José Benítez's chromatic palette is reduced to the minimum expression. A special care in the drawing added to the dominion of the lights and shades, accentuated in addition by the use of gray tonalities and sepias, they approach Benítez to the baroque painting, more concretely to the series of black paintings of Goya.

"The sunshine of your smile", Ángela Lergo

Finally, we will be able to see in the gallery's stand Es.Arte Gallery, the impressive three-dimensional representations of the Sevillian artist Ángela Lergo. Lergo seeks to generate sensations and emotions in the spectator through sculpture and performance, transforming it into "a feminine message".

“Her creations, always linked to Salustiano's painting, are fed by the painter's universe. They start from the timeless aesthetics of his paintings and then fly on their own,", says the journalist Margot Molina.


Buying the first work of art always instils respect. A difficult feeling to define that mixes vertigo with adrenaline. But over uncertainty and caution, a pleasurable sense of connection, understanding, and desire prevails. That work that, once seen, stays in the mind, reappears in the memory several times a day and seems to tell you that it is willing to be part of your home, is the perfect candidate to make the decision.

In the first steps, many collectors do point out that one does not start from an established plan, but rather that one acquires pieces based on taste and the connection one feels with them until, after time, they realise that the volume of works that accumulates can be labelled as a "collection". For example, this is how Alicia Aza explains it:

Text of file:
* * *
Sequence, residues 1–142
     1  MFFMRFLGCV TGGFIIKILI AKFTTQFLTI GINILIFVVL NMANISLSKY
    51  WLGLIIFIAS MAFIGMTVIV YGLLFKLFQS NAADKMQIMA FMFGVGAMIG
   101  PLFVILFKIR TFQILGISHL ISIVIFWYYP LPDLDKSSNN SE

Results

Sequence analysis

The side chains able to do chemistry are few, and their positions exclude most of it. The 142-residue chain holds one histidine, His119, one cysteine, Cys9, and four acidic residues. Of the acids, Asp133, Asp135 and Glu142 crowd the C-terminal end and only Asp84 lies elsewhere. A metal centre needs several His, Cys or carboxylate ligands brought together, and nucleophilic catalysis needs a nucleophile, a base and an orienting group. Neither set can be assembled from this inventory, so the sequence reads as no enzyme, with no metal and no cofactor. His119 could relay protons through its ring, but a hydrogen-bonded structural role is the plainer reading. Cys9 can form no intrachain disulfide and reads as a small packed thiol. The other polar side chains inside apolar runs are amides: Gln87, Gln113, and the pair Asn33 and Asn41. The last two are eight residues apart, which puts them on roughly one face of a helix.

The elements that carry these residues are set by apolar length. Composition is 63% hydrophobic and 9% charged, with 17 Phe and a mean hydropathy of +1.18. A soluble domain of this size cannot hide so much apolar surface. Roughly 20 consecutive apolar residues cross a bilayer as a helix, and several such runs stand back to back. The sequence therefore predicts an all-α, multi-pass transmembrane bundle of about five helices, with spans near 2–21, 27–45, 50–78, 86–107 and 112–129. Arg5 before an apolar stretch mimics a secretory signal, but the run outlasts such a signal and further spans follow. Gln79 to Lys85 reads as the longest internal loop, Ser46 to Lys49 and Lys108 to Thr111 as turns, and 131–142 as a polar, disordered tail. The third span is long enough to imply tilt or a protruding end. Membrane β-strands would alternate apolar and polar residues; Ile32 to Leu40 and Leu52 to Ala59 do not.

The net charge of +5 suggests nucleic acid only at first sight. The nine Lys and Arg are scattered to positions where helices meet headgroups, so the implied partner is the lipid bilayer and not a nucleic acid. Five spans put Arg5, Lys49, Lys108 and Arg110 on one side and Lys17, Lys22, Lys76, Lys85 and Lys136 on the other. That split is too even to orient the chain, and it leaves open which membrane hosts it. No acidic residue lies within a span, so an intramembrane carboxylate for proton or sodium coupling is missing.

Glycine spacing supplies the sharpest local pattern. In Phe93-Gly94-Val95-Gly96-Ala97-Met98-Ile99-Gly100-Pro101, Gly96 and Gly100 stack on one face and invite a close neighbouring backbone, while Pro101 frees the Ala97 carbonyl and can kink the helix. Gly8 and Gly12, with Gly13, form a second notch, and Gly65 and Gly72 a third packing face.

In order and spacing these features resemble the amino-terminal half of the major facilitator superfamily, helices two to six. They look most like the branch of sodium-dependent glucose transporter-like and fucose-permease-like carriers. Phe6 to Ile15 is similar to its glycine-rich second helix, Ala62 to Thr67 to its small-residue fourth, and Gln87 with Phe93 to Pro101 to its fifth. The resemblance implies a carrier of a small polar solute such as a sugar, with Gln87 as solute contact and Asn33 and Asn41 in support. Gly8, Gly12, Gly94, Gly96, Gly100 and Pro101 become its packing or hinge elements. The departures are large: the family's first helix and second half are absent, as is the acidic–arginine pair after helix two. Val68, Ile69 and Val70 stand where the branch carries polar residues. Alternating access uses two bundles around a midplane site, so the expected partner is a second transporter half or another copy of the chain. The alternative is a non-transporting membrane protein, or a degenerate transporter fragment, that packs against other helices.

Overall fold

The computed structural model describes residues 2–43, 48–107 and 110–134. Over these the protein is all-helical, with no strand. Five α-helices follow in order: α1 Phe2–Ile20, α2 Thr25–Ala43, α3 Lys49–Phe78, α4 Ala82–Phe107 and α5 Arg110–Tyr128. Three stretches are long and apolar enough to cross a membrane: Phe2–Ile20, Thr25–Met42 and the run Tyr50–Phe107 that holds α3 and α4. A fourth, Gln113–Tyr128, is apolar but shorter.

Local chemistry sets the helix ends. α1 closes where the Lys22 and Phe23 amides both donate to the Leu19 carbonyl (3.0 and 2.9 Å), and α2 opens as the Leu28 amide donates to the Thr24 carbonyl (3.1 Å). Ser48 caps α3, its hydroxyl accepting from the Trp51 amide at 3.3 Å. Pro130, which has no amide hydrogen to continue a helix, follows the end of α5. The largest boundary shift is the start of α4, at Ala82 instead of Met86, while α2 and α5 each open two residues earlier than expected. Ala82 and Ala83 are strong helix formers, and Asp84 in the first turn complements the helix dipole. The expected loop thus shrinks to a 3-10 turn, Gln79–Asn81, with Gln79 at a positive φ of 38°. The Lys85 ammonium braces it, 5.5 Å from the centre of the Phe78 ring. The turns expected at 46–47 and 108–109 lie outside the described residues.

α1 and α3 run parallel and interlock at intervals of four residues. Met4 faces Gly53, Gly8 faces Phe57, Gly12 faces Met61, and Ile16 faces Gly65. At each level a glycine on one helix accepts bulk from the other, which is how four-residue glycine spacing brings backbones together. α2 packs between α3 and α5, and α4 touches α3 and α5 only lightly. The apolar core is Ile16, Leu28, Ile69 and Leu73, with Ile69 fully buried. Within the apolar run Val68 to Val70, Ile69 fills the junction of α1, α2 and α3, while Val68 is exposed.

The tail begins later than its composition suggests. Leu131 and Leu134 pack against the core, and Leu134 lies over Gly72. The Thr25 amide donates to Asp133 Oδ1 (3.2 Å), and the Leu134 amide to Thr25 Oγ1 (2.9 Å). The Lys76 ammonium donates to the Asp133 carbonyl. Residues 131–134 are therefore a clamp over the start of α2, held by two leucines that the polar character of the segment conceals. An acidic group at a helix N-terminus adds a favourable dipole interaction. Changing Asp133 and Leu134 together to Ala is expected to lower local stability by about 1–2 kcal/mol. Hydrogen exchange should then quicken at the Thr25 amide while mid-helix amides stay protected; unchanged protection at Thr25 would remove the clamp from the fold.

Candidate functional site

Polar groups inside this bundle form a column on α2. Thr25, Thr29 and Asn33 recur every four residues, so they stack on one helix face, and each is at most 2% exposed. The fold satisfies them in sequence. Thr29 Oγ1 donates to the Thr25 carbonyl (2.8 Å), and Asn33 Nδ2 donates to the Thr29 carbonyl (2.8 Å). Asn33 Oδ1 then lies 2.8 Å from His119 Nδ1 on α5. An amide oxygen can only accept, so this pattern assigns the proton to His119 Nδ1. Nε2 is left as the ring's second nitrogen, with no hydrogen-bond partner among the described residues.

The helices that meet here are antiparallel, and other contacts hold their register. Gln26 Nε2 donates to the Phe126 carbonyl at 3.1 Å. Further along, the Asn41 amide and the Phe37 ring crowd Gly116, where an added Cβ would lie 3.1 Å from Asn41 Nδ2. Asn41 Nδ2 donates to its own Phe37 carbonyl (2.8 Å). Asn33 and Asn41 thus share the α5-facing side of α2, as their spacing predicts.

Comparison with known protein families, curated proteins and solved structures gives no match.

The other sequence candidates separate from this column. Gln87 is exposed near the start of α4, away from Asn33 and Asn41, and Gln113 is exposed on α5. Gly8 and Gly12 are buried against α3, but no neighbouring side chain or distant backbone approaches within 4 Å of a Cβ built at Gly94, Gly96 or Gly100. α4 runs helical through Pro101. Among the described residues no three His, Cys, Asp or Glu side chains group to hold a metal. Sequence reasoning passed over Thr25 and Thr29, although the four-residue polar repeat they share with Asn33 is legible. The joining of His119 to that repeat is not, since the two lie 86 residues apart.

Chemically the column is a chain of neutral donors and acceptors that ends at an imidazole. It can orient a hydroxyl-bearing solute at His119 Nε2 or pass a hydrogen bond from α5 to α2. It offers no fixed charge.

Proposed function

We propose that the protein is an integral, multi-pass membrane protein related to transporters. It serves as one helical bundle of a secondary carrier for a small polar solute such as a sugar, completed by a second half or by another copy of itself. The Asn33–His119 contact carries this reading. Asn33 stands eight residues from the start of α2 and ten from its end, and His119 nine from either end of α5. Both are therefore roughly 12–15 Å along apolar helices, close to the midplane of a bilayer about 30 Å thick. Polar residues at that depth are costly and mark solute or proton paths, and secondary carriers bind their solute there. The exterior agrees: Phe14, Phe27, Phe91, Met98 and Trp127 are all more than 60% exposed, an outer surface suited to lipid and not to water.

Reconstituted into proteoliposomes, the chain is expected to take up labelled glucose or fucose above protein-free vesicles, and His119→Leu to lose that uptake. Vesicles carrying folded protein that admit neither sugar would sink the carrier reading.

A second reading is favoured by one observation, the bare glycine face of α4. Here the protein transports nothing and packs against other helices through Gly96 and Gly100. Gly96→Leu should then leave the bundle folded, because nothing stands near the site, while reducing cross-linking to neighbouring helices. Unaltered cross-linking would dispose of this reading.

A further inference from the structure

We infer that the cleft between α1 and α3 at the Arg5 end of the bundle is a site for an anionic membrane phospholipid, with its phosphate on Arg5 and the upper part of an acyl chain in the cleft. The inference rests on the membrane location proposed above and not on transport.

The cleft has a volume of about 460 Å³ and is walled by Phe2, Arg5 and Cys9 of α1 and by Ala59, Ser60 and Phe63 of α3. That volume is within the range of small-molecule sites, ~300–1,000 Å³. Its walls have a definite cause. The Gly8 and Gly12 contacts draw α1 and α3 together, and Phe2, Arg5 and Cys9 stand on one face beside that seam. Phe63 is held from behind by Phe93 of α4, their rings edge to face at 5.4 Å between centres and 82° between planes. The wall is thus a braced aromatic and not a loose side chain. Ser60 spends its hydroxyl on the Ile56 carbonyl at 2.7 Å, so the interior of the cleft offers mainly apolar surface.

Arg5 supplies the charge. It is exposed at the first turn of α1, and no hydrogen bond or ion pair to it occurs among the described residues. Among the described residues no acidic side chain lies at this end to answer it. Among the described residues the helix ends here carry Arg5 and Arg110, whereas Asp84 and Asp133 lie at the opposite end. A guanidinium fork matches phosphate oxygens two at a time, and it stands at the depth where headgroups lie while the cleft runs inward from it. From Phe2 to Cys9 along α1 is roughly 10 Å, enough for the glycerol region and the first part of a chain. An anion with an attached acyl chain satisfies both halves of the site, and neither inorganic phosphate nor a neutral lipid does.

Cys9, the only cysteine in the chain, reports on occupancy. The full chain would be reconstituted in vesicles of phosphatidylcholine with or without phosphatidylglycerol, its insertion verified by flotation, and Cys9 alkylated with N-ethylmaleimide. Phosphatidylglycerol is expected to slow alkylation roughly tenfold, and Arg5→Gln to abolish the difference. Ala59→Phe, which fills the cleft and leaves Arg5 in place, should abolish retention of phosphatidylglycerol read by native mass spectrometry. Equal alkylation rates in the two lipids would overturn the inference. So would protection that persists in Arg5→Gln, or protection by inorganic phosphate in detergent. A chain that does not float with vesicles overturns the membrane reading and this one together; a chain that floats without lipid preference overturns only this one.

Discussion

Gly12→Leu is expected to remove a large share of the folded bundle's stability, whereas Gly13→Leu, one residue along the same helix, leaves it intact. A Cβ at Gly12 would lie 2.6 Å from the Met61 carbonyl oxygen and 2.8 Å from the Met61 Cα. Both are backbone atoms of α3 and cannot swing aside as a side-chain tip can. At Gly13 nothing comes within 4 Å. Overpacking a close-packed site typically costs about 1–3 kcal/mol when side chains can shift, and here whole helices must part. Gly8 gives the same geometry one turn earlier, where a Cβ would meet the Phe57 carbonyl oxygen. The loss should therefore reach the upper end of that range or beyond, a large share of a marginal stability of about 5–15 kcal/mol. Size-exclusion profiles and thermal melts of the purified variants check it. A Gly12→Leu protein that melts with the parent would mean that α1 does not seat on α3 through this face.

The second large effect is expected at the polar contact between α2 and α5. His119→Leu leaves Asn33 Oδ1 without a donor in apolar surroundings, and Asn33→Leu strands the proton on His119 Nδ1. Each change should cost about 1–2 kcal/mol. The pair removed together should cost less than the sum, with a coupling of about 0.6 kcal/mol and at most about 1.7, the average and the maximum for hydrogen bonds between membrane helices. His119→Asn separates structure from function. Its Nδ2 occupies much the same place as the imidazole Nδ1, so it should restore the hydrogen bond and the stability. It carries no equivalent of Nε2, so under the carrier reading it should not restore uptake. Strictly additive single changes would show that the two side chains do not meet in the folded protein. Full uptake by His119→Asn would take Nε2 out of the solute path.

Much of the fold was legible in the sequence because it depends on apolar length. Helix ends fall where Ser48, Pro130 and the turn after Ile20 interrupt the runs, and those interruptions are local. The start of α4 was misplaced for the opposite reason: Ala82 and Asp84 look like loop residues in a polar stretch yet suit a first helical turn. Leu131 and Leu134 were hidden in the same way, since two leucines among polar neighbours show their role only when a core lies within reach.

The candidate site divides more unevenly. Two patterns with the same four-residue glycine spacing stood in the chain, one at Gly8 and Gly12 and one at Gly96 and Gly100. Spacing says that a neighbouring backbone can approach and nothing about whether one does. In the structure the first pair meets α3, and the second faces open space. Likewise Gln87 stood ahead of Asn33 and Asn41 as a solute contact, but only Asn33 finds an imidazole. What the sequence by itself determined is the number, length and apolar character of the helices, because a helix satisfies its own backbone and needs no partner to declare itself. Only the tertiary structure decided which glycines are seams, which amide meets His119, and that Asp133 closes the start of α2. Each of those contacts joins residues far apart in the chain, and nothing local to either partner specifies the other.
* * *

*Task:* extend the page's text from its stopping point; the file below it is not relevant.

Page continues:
“I was not aware that I was collecting until many years later when a third party named me as a collector and talked about my collection. In 2005, I became aware of what collecting means and decided to articulate a collection with an identity of criteria and formats”.

Marcos Martín Blanco, co-founder, with his wife Elena Rueda, of the MER Collection, shares this same opinion:

“Collecting has been a passion, driven by a visceral state that encourages you to do so. The collection, in terms of acquisitions, has not been particularly complicated because, let's face it: it is easy to buy because they are all beautiful things and you have some clear idea of where you want to go, but at first those preferences were not so clear. It is with the time that a criterion is being formed”.

It is not always this way, of course, but for the buyer who starts out on this path, the personal connection that entails the first piece is essential. There it is the germ of a lasting relationship that is not limited to a simple aesthetic question but is an open window to knowledge, to exploration, to a world that is often unknown to us and awakens our fascination. The seed of that connection is purely sentimental, and it is precisely this impulse that determines the first acquisitions. The first piece is never forgotten.

Art Madrid'20, photo by Ana Maqueda

Exceeding the usual recommendations made by advisers and agents, rare is the occasion when the art lover decides to buy by pure investment. These paths usually open later, when the volume of pieces is large enough. In addition, there are those who are a bit against this classic concept of the traditional collector, approached from an eccentric, elitist and little accessible vision. On the contrary, art buyers are, above all, art lovers, sentient beings and permeable to creative stimulus who, at a given moment, decide to deepen the relationship they already have with art to take a piece home.